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Costly interactions between the sexes: combined effects of male sexual harassment and female choice?


  • Michael Tobler
  • Ingo Schlupp
  • Martin Plath


Male and female interests can differ profoundly regarding quality and quantity of mates. Especially in promiscuous mating systems, males often inflict costs on females that may precipitate in negative fitness consequences. In reality, however, discerning between female costs arising from a sexual conflict and costs arising from female mate choice is not trivial. In livebearing fishes, for example, costs of male sexual harassment are often quantified as female feeding time reductions, but female feeding times may also be affected by competitive interactions and the willingness of females to interact with a particular mate (i.e., mate choice). Using the tropical live-bearer Poecilia mexicana as a model, we manipulated male and female nutritional state and measured focal females' feeding times in presence of another female as well as in presence of males of varying quality. Consistent with other studies quantifying effects of male harassment, female feeding times were negatively affected by sexually active males. Also, females were feeding more in presence of starved males than in presence of well-fed males. In subsequent dichotomous choice tests, females preferred to associate with well-fed females. These results are not consistent with the sexual conflict hypothesis: If the reduced female feeding time in presence of a well-fed male were solely a cost imposed by the male, females would be expected to avoid such males in a choice situation. Consequently, our study suggests that both male sexual harassment and active female choice simultaneously affect female feeding times in livebearing fishes. Copyright 2011, Oxford University Press.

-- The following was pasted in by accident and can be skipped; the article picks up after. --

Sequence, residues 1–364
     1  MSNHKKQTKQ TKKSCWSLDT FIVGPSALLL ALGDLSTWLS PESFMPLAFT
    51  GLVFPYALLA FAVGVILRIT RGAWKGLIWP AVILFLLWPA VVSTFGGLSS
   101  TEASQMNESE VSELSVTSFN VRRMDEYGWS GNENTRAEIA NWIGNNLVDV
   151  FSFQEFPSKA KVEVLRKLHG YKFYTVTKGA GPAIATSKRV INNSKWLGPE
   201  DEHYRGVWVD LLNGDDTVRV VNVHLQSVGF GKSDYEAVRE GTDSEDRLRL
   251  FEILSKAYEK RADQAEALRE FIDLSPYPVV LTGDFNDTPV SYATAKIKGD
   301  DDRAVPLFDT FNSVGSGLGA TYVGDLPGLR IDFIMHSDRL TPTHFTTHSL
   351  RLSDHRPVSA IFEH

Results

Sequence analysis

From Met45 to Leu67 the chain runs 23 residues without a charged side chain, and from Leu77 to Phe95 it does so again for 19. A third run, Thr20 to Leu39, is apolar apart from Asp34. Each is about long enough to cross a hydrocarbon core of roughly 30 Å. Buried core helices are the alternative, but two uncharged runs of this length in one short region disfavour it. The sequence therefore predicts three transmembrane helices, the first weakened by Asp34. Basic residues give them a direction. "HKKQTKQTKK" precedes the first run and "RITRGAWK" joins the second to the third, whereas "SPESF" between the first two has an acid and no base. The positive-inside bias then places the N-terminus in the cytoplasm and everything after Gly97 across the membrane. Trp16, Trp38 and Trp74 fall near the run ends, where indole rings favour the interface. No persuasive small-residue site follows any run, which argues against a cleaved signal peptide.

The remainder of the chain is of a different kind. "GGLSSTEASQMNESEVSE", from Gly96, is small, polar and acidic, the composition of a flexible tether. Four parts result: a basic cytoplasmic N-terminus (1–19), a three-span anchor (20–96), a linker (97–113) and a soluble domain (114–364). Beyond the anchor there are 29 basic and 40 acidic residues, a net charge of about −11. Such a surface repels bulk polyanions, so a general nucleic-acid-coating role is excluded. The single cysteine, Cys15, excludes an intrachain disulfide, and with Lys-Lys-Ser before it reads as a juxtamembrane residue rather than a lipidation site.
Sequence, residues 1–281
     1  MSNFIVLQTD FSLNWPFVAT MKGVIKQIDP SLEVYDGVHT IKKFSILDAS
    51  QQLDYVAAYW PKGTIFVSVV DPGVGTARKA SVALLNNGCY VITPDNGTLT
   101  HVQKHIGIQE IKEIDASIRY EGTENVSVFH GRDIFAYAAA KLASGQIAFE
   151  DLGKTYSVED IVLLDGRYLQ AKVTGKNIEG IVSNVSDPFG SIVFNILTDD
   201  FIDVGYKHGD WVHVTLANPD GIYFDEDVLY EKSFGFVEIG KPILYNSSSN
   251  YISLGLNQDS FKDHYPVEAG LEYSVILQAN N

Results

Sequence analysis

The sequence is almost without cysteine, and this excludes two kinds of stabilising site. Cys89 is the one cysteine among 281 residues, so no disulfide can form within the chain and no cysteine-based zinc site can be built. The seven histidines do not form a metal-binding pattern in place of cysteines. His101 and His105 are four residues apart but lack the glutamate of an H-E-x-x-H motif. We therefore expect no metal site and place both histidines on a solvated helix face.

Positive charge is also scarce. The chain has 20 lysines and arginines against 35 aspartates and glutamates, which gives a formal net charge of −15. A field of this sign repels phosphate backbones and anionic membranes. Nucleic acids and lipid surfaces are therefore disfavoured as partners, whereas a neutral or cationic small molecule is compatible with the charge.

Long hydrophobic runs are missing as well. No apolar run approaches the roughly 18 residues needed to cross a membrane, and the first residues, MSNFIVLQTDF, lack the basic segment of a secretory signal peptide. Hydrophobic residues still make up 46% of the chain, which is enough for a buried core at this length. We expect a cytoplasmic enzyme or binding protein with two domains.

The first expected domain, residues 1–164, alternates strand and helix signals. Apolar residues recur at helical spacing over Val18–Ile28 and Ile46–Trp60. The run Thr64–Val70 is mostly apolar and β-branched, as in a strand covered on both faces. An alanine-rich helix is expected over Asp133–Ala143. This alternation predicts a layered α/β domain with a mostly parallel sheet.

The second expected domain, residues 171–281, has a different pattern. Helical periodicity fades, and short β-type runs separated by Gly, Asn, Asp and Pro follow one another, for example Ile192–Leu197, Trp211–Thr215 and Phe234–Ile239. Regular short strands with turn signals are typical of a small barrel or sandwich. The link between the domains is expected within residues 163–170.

Suggested Citation

  • Michael Tobler & Ingo Schlupp & Martin Plath, 2011. "Costly interactions between the sexes: combined effects of male sexual harassment and female choice?," Behavioral Ecology, International Society for Behavioral Ecology, vol. 22(4), pages 723-729.
  • Handle: RePEc:oup:beheco:v:22:y:2011:i:4:p:723-729

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    Cited by:

    1. Sheri L. Johnson & H. Jane Brockmann, 2012. "Alternative reproductive tactics in female horseshoe crabs," Behavioral Ecology, International Society for Behavioral Ecology, vol. 23(5), pages 999-1008.

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